2 Democrats vie for Arkansas House District 56 seat in primary; Republican unopposed

FILE - Arkansas lawmakers gather in the House of Representatives chamber at the state Capitol, Jan. 9, 2023, in Little Rock, Ark. Progressive advocacy groups in Arkansas on Monday, Dec. 11, asked a full federal appeals court to reconsider a three-judge panel's ruling that private groups can't sue under a key section of the federal Voting Rights Act. (AP Photo/Andrew DeMillo, File)
FILE - Arkansas lawmakers gather in the House of Representatives chamber at the state Capitol, Jan. 9, 2023, in Little Rock, Ark. Progressive advocacy groups in Arkansas on Monday, Dec. 11, asked a full federal appeals court to reconsider a three-judge panel's ruling that private groups can't sue under a key section of the federal Voting Rights Act. (AP Photo/Andrew DeMillo, File)


The sitting Arkansas House representative for District 56 faces a single challenger in the March 5 Democratic primary.

Incumbent Rep. Steve Magie and challenger Lakeslia Mosley, both of Conway, will square off in the March 5 preferential primary. Early voting begins Feb. 20.

The winner of the primary advances to face Republican Kim Slaughter in the Nov. 5 general election.

House District 56 is one of three districts that cover parts of Conway. The district includes most of the city's downtown area, stretching from Rooster Road in the east to Cadron Creek in the west, and is home to Hendrix College, Conway High School and Lake Beaverfork.

Magie, a 70-year-old ophthalmologist, is part-owner of Magie-Smith-Charton Eye Clinic. He said his medical background is one of the reasons people should vote for him.

"I'm a doctor," he said. "I'm not a politician. I have ran on that for a number of years."

Magie was first elected in 2012 and is the longest-serving Democrat in the state House of Representatives. Much of his focus as a legislator has been on health care, he said, but he said education is another issue that is important to him.

Magie said his time as a state representative has given him a chance to build relationships and earn respect with other lawmakers.

"I can work with my colleagues, and when there are people on the other side of the aisle that I can agree with, we will certainly work very hard to accomplish great things," Magie said.

However, he added he will fight for what he believes when those colleagues disagree.

Magie also has served on the Conway Civil Service Commission, the Conway Downtown Partnership and on the Conway Airport Advisory Committee, he said.

Mosley, 33, was born in Forrest City but moved to Conway in 1992. A statement and biography on Mosley's campaign website describes her as "a strong believer in God"and a "devoted mother." She is also a small business owner, operating Queen's Appointed Touch LLC.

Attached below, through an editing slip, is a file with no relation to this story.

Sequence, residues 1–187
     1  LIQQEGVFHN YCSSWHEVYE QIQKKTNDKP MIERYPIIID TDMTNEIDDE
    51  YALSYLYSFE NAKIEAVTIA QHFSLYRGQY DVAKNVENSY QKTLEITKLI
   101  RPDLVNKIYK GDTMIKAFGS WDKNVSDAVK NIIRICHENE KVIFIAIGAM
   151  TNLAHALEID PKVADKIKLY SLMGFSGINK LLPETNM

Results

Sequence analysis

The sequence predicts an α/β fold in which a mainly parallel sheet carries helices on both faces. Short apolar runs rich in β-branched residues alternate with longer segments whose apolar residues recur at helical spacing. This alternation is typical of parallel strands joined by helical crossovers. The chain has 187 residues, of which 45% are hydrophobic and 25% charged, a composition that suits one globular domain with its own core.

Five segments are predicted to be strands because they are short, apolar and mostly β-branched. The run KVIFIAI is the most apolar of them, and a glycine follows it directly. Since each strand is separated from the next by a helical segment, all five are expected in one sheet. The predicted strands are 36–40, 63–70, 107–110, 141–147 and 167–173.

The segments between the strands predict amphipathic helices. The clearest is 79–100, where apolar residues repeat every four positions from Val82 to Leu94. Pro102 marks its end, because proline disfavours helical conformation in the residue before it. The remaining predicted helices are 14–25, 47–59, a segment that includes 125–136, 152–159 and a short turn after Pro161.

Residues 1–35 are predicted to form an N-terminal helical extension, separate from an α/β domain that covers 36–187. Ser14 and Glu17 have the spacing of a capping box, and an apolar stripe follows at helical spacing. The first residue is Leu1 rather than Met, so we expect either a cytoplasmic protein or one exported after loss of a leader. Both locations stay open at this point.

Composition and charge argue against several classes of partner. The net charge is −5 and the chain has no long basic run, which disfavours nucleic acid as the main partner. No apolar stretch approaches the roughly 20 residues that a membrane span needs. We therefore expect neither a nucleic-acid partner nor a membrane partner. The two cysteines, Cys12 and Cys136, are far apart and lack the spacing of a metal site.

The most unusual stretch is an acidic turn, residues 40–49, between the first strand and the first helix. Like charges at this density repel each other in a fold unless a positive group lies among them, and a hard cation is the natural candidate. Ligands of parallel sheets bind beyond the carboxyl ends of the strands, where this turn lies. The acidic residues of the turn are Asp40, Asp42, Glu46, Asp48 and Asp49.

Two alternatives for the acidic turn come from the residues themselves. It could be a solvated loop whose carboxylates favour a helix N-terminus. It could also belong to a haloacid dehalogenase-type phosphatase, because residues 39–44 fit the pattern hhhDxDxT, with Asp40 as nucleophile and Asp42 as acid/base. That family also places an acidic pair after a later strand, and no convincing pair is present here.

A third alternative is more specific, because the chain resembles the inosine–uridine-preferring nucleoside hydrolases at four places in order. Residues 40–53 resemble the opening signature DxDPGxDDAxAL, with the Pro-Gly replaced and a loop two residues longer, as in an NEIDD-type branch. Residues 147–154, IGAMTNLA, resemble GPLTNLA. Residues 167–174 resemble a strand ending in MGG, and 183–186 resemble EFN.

Attempts to reach Mosley by phone and email to schedule an interview with the candidate were unsuccessful.

According to her campaign website, Mosley wants to serve as a voice for members of her community who don't have one, and address problems within her community that she sees.

"She got tired of living in her discomfort so she ran to do something about it," her website states.

Key issues for Mosley include taxation, voters' rights, gun control, women's rights, education and criminal justice reform.

Her campaign website states that Mosley hopes to develop programs and grants that aid local small businesses, and to improve policies surrounding training and community involvement in law enforcement "so we can have a better connection with the police department."

Homelessness is at an "all time high," according to the website, which emphasized the plight of Arkansas' veterans who don't have homes for themselves.

Mosley previously campaigned for state representative in 2022, running in House District 55.

Slaughter, the Republican candidate who will be unopposed in the primary, is a business owner and graphic designer.

Slaughter, 55, owns Toad Suck Mini Golf and Blue Focus Marketing and ran for the state House in 2022, losing to attorney Trent Minner in the primary. Minner ultimately lost to Magie by 10 votes in the general election that year.

A conservative Christian, Slaughter said improving access to adoption services is one of the issues she would focus if ultimately elected in November. Other priorities include keeping down government spending and supporting area small businesses.

She said she doesn't have any public service experience but decided to run because she "felt like a lot of the politicians didn't really have my best interests at heart, and so I felt like this is what I wanted to do."

Slaughter said people should vote for her in the general election because she isn't a politician and understands what it's like to struggle."

"I know what it's like to have your life impacted by politicians and the laws and so forth that they've passed," she said.


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